Back to the running example in Example 1. We still suppose \(k = 2\), the required skills of the task \(t=\{e_1,e_2,e_3\}\) and the given budget is 0.6. The social network of workers is shown in Fig. 1b. We first use the Top-1 greedy approximation function to get a team of \(\{w_1, w_3\}\). Then, we traverse the crowd workers in the team and assign \(w_1\) as the leader. When continuing to run the top-1 function to find the local top-1 team from \(W-\{w_1\}\) and \(W-\{w_3\}\), we find \(\{w_2, w_3\}\) as the local optimal team. However, the collaborative cost between \(w_2\) and \(w_3\) is larger than the given budget and thus there is no team in the solution space that can cover the required skills. Finally, there is only one team \(\{w_1, w_3\}\) with leader \(w_1\) satisfying all the constraints.

figured

We next show that the extended framework also has the nice property shown in Theorem 4.

Theorem 4

If the top-1 function top-1(.,.) in the extended framework is an approximation algorithm with approximate ratio of r, the approximate cost of the i-th team in the approximation top-k teams recommended by the extended framework keeps the same approximate ratio compared to the cost of the corresponding i-th exact team.

Proof

We use Algorithm 2 as the top-1 function. For the TopkTR problem, we represent the cheapest team generated by Algorithm 2 as \(t^a\), the exact cheapest team is denoted by \(t^\mathrm{ex}\), and the approximation ratio is r. When considering the problem with leader, the exact team is represented as \(t^\mathrm{ex}_\mathrm{leader}\). If \(t^a \leqslant B\), \(t^a\) is also a solution of the problem considering the leaders. Then we have \(t^a \leqslant t^\mathrm{ex} \times r\), \(t^\mathrm{ex} \leqslant t^\mathrm{ex}_\mathrm{leader}\), and \(t^\mathrm{ex}_\mathrm{leader} \leqslant t^a\), so there is the inequation:

$$\begin{aligned} t^\mathrm{ex}_\mathrm{leader} \leqslant t^a \leqslant t^\mathrm{ex} \times r \leqslant t^\mathrm{ex}_\mathrm{leader} \times r \end{aligned}$$

Then for Algorithm 2, the extended framework has the approximation ratio \(r=\ln |E_t|\). \(\square \)

Experimental Study

Experimental Setup

We use a real dataset collected from gMission [16], which is a research-based general spatial crowdsourcing platform. In the gMission dataset, every task has a task description, a location, a radius of the restricted range, and the required skills. Each worker is also associated with a location, a set of his/her owning skills, a price, and a capacity of skills that s/he completes a task. Currently, users often recruit crowd workers to organize all kinds of activities on the gMission platform. In this paper, our real dataset includes the information of 11,205 crowd workers, where the average number of skills and the average capacity owned by the workers are 5.46 and 4.18, respectively. We also use synthetic dataset for evaluation. In the synthetic dataset, the capacity and the number of skills owned by a worker follow uniform distribution in the range of 1–20, respectively. Statistics of the synthetic dataset are shown in Table 3, where we mark our default settings in bold font. In Table 3, |W| is the number of workers. The parameter k represents the number of the result teams. \(|E_t|\) is the average number of the required skills of the task t. \(\mu _{|E_w|}\) and \(\delta _{|E_w|}\) represent the mean and the standard deviation of \(|E_w|\) in the normal distribution.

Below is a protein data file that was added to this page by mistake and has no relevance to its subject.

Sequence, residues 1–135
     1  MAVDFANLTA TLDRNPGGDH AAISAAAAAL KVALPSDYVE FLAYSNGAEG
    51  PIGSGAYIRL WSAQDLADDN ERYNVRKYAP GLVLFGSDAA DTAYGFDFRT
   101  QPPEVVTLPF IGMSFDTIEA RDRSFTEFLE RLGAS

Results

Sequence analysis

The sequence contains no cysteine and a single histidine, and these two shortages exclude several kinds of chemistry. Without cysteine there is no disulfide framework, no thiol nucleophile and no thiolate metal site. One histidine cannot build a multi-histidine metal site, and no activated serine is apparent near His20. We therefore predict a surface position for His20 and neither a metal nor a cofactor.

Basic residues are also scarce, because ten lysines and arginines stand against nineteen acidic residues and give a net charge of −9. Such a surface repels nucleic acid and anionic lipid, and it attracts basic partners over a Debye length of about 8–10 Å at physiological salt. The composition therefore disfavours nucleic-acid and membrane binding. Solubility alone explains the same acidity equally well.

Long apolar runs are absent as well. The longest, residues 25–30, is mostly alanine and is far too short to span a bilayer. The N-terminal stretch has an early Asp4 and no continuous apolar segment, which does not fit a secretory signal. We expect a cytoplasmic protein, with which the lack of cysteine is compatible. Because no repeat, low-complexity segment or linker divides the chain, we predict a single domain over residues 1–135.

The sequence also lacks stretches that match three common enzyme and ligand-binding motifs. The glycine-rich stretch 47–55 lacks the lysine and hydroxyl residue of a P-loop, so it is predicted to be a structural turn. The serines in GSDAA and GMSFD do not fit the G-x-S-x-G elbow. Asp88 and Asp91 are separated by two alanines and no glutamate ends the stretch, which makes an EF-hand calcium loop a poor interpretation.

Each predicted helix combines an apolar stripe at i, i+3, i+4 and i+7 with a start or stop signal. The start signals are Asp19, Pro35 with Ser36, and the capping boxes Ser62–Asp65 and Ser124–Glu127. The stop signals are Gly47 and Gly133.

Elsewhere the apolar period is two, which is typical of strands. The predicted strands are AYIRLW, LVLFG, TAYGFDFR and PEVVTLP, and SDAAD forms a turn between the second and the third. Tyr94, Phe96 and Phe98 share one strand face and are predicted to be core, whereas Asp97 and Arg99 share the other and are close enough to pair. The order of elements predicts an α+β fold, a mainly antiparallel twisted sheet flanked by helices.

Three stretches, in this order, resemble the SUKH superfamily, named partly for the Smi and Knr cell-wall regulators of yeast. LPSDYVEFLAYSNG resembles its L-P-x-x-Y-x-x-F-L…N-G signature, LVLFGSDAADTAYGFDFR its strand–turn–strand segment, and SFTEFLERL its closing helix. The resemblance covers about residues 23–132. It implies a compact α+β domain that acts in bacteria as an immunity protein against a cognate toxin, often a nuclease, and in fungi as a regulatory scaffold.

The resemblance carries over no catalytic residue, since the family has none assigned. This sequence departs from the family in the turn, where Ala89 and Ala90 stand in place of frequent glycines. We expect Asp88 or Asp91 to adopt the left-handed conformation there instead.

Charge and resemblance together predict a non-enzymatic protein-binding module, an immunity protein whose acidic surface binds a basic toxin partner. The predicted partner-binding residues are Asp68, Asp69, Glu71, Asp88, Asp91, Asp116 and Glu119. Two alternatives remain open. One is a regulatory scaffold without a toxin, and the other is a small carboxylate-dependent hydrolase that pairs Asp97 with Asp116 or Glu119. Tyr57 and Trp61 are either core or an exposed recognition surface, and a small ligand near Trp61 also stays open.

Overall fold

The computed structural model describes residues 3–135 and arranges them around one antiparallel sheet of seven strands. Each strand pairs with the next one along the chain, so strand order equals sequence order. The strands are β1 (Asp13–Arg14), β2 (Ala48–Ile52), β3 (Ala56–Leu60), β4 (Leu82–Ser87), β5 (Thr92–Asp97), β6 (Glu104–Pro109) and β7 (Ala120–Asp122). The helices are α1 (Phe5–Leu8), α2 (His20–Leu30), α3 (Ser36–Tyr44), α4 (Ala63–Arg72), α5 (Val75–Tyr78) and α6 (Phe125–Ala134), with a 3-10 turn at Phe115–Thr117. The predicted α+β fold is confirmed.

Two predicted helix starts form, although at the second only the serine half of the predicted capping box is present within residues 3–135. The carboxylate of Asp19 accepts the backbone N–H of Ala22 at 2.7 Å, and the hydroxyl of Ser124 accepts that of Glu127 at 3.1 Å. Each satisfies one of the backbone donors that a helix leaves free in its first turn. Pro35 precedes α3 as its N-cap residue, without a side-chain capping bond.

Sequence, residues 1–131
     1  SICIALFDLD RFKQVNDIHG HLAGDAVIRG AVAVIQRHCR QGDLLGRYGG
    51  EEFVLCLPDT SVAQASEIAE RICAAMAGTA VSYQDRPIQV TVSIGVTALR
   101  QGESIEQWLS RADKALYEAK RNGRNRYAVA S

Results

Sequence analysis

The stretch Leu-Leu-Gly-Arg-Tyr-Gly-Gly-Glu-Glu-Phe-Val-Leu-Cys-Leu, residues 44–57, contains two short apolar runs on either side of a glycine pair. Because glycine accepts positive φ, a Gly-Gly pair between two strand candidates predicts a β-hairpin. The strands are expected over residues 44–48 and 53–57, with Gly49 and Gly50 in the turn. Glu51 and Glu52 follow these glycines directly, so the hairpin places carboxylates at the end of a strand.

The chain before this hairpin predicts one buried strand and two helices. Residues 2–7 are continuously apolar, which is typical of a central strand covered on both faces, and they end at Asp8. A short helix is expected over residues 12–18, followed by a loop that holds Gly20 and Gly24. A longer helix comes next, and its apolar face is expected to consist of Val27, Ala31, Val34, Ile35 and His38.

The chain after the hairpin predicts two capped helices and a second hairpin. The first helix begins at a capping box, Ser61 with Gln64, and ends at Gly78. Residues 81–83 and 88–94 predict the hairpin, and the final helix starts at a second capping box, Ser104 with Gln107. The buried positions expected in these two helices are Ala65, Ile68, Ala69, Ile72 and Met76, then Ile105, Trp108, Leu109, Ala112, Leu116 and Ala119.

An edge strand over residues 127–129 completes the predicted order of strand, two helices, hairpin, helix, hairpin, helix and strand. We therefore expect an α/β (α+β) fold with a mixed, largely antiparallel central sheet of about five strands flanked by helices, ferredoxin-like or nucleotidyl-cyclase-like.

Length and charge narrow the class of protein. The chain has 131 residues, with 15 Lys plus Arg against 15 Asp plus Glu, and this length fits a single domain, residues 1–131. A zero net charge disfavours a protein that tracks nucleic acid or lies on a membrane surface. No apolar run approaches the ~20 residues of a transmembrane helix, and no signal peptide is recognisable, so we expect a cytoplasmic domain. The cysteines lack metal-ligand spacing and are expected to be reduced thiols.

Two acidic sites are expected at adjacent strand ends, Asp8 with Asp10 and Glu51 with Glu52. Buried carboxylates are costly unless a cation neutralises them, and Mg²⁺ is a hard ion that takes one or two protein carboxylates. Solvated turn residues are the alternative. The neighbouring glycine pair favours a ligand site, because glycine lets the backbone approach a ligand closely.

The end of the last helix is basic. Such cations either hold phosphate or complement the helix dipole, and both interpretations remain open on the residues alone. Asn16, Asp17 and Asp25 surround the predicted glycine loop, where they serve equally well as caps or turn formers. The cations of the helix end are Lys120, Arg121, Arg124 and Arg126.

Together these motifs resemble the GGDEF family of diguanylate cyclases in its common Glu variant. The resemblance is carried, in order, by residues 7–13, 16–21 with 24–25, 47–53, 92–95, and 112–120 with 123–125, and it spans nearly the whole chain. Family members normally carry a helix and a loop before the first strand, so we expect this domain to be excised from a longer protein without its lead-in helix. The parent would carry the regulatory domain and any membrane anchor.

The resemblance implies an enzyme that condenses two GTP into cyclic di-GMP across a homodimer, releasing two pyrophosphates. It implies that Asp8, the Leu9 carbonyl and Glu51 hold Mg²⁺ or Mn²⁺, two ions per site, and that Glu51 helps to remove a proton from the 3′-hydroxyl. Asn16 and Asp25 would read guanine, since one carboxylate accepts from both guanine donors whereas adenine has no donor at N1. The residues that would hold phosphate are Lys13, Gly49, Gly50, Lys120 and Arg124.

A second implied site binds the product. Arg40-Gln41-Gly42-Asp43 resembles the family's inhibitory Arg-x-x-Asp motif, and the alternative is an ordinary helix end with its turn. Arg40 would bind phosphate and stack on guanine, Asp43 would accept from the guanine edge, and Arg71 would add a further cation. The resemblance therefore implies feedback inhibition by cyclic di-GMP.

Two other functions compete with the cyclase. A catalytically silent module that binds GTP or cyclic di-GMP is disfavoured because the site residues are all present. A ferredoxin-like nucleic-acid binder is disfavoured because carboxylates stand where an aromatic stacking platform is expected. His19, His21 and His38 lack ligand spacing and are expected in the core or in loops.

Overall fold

Table 3 Synthetic dataset

Based on the two-level-based framework, we evaluate an approximation algorithm (Algorithm 1 + Algorithm 2), called TTR-Greedy, and two exact algorithms (Algorithm 1 + Algorithm 3), called TTR-Exact (which does not use the proposed pruning rules) and TTR-ExactPrune, and a baseline algorithm in terms of total utility score, running time and memory cost, and study the effect of varying parameters on the performance of the algorithms. The total utility score is the total price of the top-k teams that we obtain from the algorithms, since we prove that each team can keep the same approximate ratio in the framework. Meanwhile, the baseline algorithm uses a simple random greedy strategy, which first finds the best team, then randomly removes a worker from the best team from the set of workers, and iteratively finds the other \(k-1\) best teams following the two steps above. The algorithms are implemented in Visual C++ 2010, and the experiments were performed on a machine with Intel(R) Core(TM) i5 2.40GHz CPU and 4GB main memory.